The US Congressional Budget Office’s (CBO) report [PDF] on policy options for unmanned aerial systems (UAS) estimates that DoD plans to acquire 730 UAS based on designs currently in operation, while also improving the unmanned aircraft already in service will cost $36.9 billion through 2020. The CBO also analyzed options that would cost from $3.7 billion less than the DoD’s plans through 2020 to $2.9 billion more.
An independent review of 40 major programs concludes that the Pentagon’s Operational Test & Evaluation teams are not the cause of delays in all the weapons programs. Instead the report revealed that delays in 37 programs were caused by problems discovered during testing.
Lockheed Martin will provide its Prepar3D visual simulation software to power the National Flight Academy’s (NFA) immersive aviation experience as part of the academy’s hands-on approach to teaching the principles of science, technology, engineering and math (STEM).
Flight Global reports that Israel’s Aeronautics Defense Systems’ Orbiter Mini UAV and BlueBird’s SpyLite Multi Configuration Tactical UAS are two final contenders in the Finnish military’s unmanned air system contest.
Intelligent Software Solutions (ISS) wins a contract from the the United Kingdom’s Ministry of Defence (MoD) for software that will use predictive reasoning and pattern-analysis to improve situational awareness for British warfighters and help determine the level of risk for various missions.
UAS Vision says the first meeting of the Netherlands’ new unmanned aerial sector (UAS) network attracted 70 individuals representing 40 different companies and organizations. One of the principal aims of the network is to advance the development and deployment of unmanned aircraft systems in the Netherlands.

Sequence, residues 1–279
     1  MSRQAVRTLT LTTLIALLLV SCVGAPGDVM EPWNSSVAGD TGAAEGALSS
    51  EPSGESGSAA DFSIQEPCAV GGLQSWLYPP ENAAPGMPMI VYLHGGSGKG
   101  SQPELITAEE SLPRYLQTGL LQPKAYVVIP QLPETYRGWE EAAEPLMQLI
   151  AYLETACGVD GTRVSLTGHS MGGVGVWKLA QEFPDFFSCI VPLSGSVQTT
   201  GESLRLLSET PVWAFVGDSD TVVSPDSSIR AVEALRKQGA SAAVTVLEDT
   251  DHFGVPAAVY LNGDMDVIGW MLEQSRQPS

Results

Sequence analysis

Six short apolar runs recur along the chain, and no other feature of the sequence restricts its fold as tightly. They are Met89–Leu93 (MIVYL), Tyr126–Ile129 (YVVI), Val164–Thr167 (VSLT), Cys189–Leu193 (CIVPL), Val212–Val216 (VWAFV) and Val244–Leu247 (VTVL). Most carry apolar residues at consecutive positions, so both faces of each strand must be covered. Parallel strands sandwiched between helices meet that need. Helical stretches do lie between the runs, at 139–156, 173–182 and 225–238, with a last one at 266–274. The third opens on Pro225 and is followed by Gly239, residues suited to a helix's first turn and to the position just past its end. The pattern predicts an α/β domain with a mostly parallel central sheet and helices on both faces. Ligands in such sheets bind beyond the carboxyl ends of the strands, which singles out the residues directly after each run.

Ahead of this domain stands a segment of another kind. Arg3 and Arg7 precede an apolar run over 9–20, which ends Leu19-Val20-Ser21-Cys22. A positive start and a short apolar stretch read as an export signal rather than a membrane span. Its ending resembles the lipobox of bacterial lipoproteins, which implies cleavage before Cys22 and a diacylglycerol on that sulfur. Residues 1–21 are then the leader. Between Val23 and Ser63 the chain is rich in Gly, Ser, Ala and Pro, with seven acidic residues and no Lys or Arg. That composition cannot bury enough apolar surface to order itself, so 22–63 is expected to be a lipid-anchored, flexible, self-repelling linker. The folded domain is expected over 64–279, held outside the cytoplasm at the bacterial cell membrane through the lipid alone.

India’s Home Ministry to evaluate unmanned aerial system (UAS) technologies for law enforcement purposes.
Cubic Global Tracking Solutions announces that it has received certification from Iridium Communications Inc. for its Global Sentinel System. The product tracks and monitors high-risk assets utilizing a variety of transmission links.
Wired’s Danger Room reports on the evidence that Russia may have revived the Soviet-era Falcon-Echelon laser project. Potential targets include U.S. satellites.
As the US defense budget is seeing targeted cuts, one area that seems to be getting more money is cybersecurity. The US military has announced plans to spend billions on technology to secure its networks.
In response to this shift in priorities, traditional defense contractors, such as BAE Systems, General Dynamics, Lockheed Martin, and Northrop Grumman have been on a buying spree, snatching up cybersecurity firms left and right. At the same time, a number of these companies have proven vulnerable to cyber attacks themselves, with some analysts seeing a tie to a security breach at RSA, which provides technology for remote access of employees to their corporate networks.
This article examines this shift in the US defense industry and defense spending regarding cybersecurity. In particular, the article examines where the money being earmarked for cybersecurity is going and what kind of initiatives are being undertaken by the US military.